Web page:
Behind the veneer of much of our discipleship (and honestly, my own weathered and jaded heart), there is something in the depths of my heart that regularly flusters and flummoxes. It is something we all crave but even on our best days, we feel very little of. In our pursuit of it, we have replaced it with falsified versions that aren’t up to spiritual snuff. And thought it’s right under our noses, it’s possible that the reason we may not have much of it is because we are looking in the wrong nooks and crannies for it.

Oh hope, where art thou?

More Like the Mona Lisa

One of the reasons that we overlook hope is because we are wrongheaded in our definition of it. Hope is typically expressed as doubt rather than a deep certitude that what seems impossible is assured. I’ve said it before. “I hope everybody shows up tonight for missional community” or “I hope they remember to show up for this counseling meeting” or “I sure do hope they like this sermon.” But that is not biblical hope. Hope is not just an aspiration for something good but an expectation that it will happen—an assurance that it will happen. An inevitability that the good we anticipate and long for will transpire. In other words, biblical hope is not finger­-crossing. It is a thumbs up kind of hope—a hope that it is embedded, not in skepticism, but in the stalwart faithfulness of God.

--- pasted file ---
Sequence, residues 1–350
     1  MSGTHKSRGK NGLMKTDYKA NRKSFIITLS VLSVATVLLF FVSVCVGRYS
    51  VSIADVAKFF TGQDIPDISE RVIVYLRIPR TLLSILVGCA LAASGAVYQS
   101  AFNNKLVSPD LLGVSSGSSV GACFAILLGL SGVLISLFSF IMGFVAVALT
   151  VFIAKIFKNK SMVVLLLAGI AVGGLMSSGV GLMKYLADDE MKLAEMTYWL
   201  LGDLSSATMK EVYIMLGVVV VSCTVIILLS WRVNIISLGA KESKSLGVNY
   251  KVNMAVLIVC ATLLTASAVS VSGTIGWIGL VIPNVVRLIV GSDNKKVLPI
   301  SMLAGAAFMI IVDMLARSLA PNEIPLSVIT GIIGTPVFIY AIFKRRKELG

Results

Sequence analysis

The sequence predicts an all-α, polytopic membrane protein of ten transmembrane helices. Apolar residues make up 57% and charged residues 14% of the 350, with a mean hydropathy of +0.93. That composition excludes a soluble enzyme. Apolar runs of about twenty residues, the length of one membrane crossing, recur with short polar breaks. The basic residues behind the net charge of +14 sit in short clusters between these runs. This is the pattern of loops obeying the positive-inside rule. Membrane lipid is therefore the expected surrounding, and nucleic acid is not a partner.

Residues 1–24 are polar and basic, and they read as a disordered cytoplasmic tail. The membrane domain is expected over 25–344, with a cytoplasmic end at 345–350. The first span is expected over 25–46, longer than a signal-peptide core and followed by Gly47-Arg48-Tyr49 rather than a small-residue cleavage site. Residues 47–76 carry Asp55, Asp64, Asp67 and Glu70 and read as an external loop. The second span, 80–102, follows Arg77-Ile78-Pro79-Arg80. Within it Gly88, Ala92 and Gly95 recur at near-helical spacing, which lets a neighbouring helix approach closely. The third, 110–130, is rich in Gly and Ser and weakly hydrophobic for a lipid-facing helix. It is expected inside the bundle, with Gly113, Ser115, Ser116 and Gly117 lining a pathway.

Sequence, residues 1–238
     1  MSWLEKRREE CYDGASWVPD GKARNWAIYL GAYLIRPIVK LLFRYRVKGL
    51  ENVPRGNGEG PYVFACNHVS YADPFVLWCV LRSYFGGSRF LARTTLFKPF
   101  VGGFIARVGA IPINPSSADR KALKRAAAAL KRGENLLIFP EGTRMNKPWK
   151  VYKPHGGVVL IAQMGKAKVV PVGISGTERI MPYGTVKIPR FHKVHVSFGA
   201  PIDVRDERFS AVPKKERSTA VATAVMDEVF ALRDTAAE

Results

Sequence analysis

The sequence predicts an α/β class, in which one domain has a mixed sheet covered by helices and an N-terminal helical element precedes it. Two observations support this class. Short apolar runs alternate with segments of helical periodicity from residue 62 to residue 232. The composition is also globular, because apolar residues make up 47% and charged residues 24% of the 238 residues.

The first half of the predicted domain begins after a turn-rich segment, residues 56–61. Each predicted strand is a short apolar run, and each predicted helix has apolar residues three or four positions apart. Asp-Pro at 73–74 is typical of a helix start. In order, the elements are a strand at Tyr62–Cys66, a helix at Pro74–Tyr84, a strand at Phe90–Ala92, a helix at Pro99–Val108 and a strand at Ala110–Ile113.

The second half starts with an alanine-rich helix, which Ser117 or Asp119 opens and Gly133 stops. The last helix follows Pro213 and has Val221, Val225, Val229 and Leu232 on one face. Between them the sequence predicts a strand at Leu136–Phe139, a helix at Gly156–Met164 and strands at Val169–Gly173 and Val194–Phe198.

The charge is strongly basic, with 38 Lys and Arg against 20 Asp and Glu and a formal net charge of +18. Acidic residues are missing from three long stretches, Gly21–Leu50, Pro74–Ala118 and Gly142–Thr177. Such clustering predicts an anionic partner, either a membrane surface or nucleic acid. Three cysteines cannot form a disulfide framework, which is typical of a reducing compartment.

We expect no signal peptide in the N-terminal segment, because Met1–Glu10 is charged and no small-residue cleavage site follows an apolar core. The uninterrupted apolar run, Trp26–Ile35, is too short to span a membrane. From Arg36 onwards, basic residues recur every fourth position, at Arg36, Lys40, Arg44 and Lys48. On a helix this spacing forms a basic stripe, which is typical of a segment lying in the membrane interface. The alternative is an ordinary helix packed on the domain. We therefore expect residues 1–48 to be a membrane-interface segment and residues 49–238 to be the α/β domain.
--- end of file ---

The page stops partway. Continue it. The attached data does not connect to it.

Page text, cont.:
My children loves to color our carport sidewalk with chalk. It’s one of their favorite activities. Pinks and greens and blues and yellows all scribbled on gray concrete. I love to watch them as they make the grandest creations with no thought about their lack of permanence. Inevitably, a rain shower eventually rolls in and washes away their artwork. Gone. In a moment. Hope in a faithful God is never like this. It doesn’t wash away with a little rain. There is firmness in it that can’t ever be dissolved because God’s purposes are more like the Mona Lisa—enduring and unfading. Hoping in God and hoping in anything else is the difference between chalk and paint. One fades, the other abides.

Seeing the Unseen